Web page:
A new bill amendment in Montana requires out-of-state cyclists to purchase a $25 invasive species decal each calendar year.
What do zebra mussels, milfoil, and cyclists have in common? A lot, apparently. Montana republican Scott Sales recently proposed an amendment to a state senate bill that would require nonresident cyclists buy, and affix, an “Invasive Species” decal. The proceeds would benefit the Department of Fish, Wildlife, and Parks.
Amended to Bill SB363, which revises laws related to aquatic invasive species, Section 4 is now titled “Nonresident Invasive Species Bicycle Decal.” Sen. Sales wants out-of-state cyclists to help keep Montana waterways clean by brandishing themselves with a shaming $25 sticker.
It’s a sad day in #MTPolitics when personal agendas of leadership outweigh the voice of constituents. https://t.co/6jHdMinG5v #MTLegislature
— Bike Walk Montana (@BikeWalkMT) March 15, 2017
Coincidentally, Sen. Sales called cyclists “some of the rudest and self-centered people I’ve ever encountered,” during a senate diatribe last month. He demanded cyclists “put some skin in the game.”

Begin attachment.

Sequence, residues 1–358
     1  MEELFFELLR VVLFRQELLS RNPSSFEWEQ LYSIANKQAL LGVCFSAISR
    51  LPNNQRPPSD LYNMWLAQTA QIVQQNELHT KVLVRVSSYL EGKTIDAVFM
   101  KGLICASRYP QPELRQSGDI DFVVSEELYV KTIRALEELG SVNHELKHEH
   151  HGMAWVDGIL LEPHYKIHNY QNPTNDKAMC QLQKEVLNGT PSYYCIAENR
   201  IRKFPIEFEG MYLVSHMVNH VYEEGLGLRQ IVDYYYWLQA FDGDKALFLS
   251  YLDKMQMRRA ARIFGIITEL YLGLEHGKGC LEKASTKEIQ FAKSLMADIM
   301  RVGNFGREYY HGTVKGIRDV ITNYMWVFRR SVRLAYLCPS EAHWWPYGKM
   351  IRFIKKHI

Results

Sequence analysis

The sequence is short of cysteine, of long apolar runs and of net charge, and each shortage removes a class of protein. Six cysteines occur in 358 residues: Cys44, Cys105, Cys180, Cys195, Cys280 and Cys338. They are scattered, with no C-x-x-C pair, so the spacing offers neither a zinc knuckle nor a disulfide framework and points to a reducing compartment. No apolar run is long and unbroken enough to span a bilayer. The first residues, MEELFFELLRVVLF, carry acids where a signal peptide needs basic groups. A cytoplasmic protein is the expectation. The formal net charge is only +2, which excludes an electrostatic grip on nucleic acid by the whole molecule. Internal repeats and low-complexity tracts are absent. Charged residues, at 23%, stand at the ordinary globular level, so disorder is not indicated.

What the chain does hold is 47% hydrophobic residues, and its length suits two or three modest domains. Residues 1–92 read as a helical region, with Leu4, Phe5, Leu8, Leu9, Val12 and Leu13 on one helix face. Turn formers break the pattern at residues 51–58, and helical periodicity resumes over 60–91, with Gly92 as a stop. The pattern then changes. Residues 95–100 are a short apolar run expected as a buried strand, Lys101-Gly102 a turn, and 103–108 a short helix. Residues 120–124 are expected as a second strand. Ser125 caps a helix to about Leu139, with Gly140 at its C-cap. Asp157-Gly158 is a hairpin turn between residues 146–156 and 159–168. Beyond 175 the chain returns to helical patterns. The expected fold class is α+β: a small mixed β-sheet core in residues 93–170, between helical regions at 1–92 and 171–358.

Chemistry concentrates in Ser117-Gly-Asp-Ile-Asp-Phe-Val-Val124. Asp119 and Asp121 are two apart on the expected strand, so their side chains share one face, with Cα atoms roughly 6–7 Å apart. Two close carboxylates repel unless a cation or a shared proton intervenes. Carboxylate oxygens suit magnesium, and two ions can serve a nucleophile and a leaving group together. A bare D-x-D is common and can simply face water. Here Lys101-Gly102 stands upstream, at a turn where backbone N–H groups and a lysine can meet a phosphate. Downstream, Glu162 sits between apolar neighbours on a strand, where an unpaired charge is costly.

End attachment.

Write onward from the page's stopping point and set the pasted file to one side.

With this bill, a shame-based cycling tax could soon be a reality.
Cycling Tax: The Good And The Bad
The bill, amended March 31, 2017, is working its way through Montana legislation. Currently, out-of-state visitors do not pay for Montana’s cycling infrastructure. This bill would be a first if introduced.
Melinda Barnes, executive director of Bike Walk Montana, told Bicycling Magazine the bill will negatively impact the state’s bike-tourism industry.
Out-of-state visitors to Montana contribute significantly to the state’s economy. Voices of Montana Tourism, a “united voice” for Montana Tourism, estimates the state’s 12 million non-resident visitors spend $3.5 billion there yearly. Obviously, not all of them ride bikes, but the bill slaps a tax on those that do.
While the fee may negatively impact the state’s bike tourism, it could also bolster cycling infrastructure. But that depends how the Department of Fish, Wildlife, and Parks chooses to spend the revenue.
As of April 5, 2017, the bill was slated for a hearing with the Department Natural Resources. Conclusive decisions will be made in the coming months.